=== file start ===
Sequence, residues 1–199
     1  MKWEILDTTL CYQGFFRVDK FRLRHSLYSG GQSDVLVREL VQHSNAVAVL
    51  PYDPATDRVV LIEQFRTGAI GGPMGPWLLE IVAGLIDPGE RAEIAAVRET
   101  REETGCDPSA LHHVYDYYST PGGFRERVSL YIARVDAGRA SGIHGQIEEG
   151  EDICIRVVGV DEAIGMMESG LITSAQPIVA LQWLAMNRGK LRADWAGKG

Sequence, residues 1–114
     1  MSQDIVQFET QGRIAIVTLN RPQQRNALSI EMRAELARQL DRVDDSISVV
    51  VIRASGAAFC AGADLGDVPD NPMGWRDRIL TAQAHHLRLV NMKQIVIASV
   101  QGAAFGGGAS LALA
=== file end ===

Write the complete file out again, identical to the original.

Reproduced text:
Sequence, residues 1–199
     1  MKWEILDTTL CYQGFFRVDK FRLRHSLYSG GQSDVLVREL VQHSNAVAVL
    51  PYDPATDRVV LIEQFRTGAI GGPMGPWLLE IVAGLIDPGE RAEIAAVRET
   101  REETGCDPSA LHHVYDYYST PGGFRERVSL YIARVDAGRA SGIHGQIEEG
   151  EDICIRVVGV DEAIGMMESG LITSAQPIVA LQWLAMNRGK LRADWAGKG

Sequence, residues 1–114
     1  MSQDIVQFET QGRIAIVTLN RPQQRNALSI EMRAELARQL DRVDDSISVV
    51  VIRASGAAFC AGADLGDVPD NPMGWRDRIL TAQAHHLRLV NMKQIVIASV
   101  QGAAFGGGAS LALA